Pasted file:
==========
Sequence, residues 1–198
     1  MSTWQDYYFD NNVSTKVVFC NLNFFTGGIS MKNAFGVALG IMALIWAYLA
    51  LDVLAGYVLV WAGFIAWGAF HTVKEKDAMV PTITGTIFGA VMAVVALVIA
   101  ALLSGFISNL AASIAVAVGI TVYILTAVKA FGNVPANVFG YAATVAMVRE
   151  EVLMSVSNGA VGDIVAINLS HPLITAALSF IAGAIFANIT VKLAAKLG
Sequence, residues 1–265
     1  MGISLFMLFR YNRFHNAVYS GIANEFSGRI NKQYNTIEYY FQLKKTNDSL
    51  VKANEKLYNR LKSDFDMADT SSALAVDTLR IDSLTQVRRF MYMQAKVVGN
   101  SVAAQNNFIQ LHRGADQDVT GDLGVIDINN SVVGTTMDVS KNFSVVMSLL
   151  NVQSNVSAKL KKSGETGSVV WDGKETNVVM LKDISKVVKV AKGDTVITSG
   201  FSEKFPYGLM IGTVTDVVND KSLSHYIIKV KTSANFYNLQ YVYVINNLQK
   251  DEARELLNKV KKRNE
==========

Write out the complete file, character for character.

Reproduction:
Sequence, residues 1–198
     1  MSTWQDYYFD NNVSTKVVFC NLNFFTGGIS MKNAFGVALG IMALIWAYLA
    51  LDVLAGYVLV WAGFIAWGAF HTVKEKDAMV PTITGTIFGA VMAVVALVIA
   101  ALLSGFISNL AASIAVAVGI TVYILTAVKA FGNVPANVFG YAATVAMVRE
   151  EVLMSVSNGA VGDIVAINLS HPLITAALSF IAGAIFANIT VKLAAKLG
Sequence, residues 1–265
     1  MGISLFMLFR YNRFHNAVYS GIANEFSGRI NKQYNTIEYY FQLKKTNDSL
    51  VKANEKLYNR LKSDFDMADT SSALAVDTLR IDSLTQVRRF MYMQAKVVGN
   101  SVAAQNNFIQ LHRGADQDVT GDLGVIDINN SVVGTTMDVS KNFSVVMSLL
   151  NVQSNVSAKL KKSGETGSVV WDGKETNVVM LKDISKVVKV AKGDTVITSG
   201  FSEKFPYGLM IGTVTDVVND KSLSHYIIKV KTSANFYNLQ YVYVINNLQK
   251  DEARELLNKV KKRNE